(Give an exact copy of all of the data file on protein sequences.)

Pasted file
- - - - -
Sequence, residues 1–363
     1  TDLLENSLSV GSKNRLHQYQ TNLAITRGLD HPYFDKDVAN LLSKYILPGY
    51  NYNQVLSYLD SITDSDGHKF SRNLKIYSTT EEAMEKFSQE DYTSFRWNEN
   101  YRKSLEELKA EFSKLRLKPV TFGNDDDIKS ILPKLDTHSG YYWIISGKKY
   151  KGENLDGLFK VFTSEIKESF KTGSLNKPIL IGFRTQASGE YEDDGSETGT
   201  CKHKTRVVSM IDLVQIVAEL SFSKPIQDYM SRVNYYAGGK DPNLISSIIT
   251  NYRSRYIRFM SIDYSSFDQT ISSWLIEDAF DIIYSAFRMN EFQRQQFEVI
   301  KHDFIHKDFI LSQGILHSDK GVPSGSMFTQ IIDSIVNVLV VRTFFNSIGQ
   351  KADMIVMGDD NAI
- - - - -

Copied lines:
Sequence, residues 1–363
     1  TDLLENSLSV GSKNRLHQYQ TNLAITRGLD HPYFDKDVAN LLSKYILPGY
    51  NYNQVLSYLD SITDSDGHKF SRNLKIYSTT EEAMEKFSQE DYTSFRWNEN
   101  YRKSLEELKA EFSKLRLKPV TFGNDDDIKS ILPKLDTHSG YYWIISGKKY
   151  KGENLDGLFK VFTSEIKESF KTGSLNKPIL IGFRTQASGE YEDDGSETGT
   201  CKHKTRVVSM IDLVQIVAEL SFSKPIQDYM SRVNYYAGGK DPNLISSIIT
   251  NYRSRYIRFM SIDYSSFDQT ISSWLIEDAF DIIYSAFRMN EFQRQQFEVI
   301  KHDFIHKDFI LSQGILHSDK GVPSGSMFTQ IIDSIVNVLV VRTFFNSIGQ
   351  KADMIVMGDD NAI